Send a Tweet
Most Popular Choices
Share on Facebook 97 Share on Twitter Printer Friendly Page More Sharing
OpEdNews Op Eds   

Don't Call My Dad the "A" Word: Language matters for people seeking help in the battle against addiction

By       (Page 1 of 3 pages)   No comments
Follow Me on Twitter     Message Robert Weiner
Become a Fan
  (4 fans)

Article originally published in The Washington Times

By Jessica Hulsey Nickel with contribution from Robert Weiner

(Jessica Hulsey Nickel's father, the title subject of the piece written by Hulsey Nickel, died with a heroin substance-use disorder.)

September is National Recovery Month. We are facing an epidemic in America. Over 50,000 people a year die from drug overdoses, 144 a day. President Trump recently declared it an "emergency."

The Centers for Disease Control and Prevention (CDC) reported that over 33,000 persons last year died from opioid overdoses. Opioid overdoses -- not just heroin, but prescription pain medicine, fentanyl and carfentanil sold and used illegally or legally -- have quadrupled the last two decades. Drug overdose deaths are now more than from car crashes, equal to 17 times the deaths on 9/11.

Growing up, I heard many people call my dad the "A" word--an addict. In reality, he was a brilliant man and the father of two girls. He played guitar, could fix anything that ran on electricity, and had a debilitating medical condition called a substance-use disorder -- a heroin addiction. He died much too young at the age of 48.

When addiction hits your family, it's like being hit head-on by a Mack truck. It's sleepless nights filled with worry, it's desperate googling, it's dead-end streets, it's isolation. And for those that have lost someone--a son, a daughter, a mom, a dad--it's unimaginable pain. But unlike the support that erupts when other medical issues hit our neighbors--say cancer or Alzheimer's--where are the offers for help, the casserole dishes, the warm cookies, "thinking of you" cards and potluck fundraisers?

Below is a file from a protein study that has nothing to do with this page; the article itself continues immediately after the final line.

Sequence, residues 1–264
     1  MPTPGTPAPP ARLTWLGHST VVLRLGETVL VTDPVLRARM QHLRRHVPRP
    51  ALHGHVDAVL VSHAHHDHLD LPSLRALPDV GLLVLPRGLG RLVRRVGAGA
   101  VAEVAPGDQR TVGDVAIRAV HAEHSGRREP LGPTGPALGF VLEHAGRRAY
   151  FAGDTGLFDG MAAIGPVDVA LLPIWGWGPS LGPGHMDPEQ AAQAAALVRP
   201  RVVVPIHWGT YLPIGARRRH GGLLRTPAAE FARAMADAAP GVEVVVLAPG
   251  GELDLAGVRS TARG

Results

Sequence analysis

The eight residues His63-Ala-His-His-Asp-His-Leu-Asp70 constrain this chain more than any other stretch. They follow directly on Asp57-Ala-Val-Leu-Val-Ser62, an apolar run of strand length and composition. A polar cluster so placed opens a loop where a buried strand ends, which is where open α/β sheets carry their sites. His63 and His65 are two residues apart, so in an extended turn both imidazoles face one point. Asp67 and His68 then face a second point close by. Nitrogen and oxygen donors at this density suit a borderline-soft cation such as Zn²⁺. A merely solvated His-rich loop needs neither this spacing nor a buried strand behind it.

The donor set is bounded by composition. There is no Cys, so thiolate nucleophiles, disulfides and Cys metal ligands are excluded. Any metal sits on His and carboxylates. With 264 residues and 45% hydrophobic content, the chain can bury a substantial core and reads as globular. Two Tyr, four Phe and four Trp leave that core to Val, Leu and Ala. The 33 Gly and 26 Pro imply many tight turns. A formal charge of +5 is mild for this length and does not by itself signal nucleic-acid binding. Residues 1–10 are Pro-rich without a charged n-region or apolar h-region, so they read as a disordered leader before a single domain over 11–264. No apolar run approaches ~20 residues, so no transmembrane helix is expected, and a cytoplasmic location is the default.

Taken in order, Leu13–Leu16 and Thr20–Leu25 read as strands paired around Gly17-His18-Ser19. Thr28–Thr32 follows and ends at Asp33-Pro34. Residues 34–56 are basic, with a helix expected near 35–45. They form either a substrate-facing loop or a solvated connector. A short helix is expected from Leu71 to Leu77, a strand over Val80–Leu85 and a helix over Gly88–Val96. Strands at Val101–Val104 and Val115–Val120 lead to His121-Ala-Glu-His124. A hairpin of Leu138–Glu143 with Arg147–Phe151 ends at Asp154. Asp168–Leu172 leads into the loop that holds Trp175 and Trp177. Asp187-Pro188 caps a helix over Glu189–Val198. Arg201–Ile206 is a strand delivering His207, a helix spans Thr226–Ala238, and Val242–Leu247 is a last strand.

Our own biases and foul language contribute to this isolation. When words are used inappropriately to describe individuals with a substance-use disorder, it not only negatively skews cultural perceptions of their disease, but also feeds into the stigma that can stop people from seeking help, can stop people from going next door with that casserole dish. Using "addict" to describe someone struggling with a substance use disorder ignores the science and discredits the individual.

Much of the terminology used to describe addiction is disparaging--suggesting that addiction is a result of moral/personal failings, or that individuals choose to be addicted, or suffer a lack of willpower. As we know, addiction is a medical issue, and can be compounded by patient behavior just like many other illnesses, from type-two diabetes to heart disease and lung cancer.

The Diagnostic and Statistical Manual of Mental Disorders Fifth Edition (DSM-5), released in 2013, replaced the categories of substance "abuse" and "dependence" with a single classification of "substance use disorder." We need to align our dinner-table terms with the science--the doctors.

Next Page  1  |  2  |  3

(Note: You can view every article as one long page if you sign up as an Advocate Member, or higher).

Rate It | View Ratings

Robert Weiner Social Media Pages: Facebook page url on login Profile not filled in       Twitter page url on login Profile not filled in       Linkedin page url on login Profile not filled in       Instagram page url on login Profile not filled in

Robert Weiner, NATIONAL PUBLIC AFFAIRS AND ISSUES STRATEGIST Bob Weiner, a national issues and public affairs strategist, has been spokesman for and directed the public affairs offices of White House Drug Czar and Four Star General Barry (more...)

Go To Commenting
The views expressed herein are the sole responsibility of the author and do not necessarily reflect those of this website or its editors.
Follow Me on Twitter     Writers Guidelines

Contact AuthorContact Author Contact EditorContact Editor Author PageView Authors' Articles
Support OpEdNews

OpEdNews depends upon can't survive without your help.

If you value this article and the work of OpEdNews, please either Donate or Purchase a premium membership.

If you've enjoyed this, sign up for our daily or weekly newsletter to get lots of great progressive content.
Daily Weekly     OpEd News Newsletter
   (Opens new browser window)

Most Popular Articles by this Author:     (View All Most Popular Articles by this Author)

Why Do Conservatives Vote Against Their Own Interest?

Jeb Bush's Elephant in the Room: Role in Bush v. Gore Recount

Mueller's End Game: Maybe As Soon As Trump Wants, But Not How He'd Like

Food Stamp Myth Busting

Iran: Nuclear Weapons or Peaceful Energy?

Bad money vs. bad money -- how Denver ballot measure could be blueprint for getting money out of politics

To View Comments or Join the Conversation:

Tell A Friend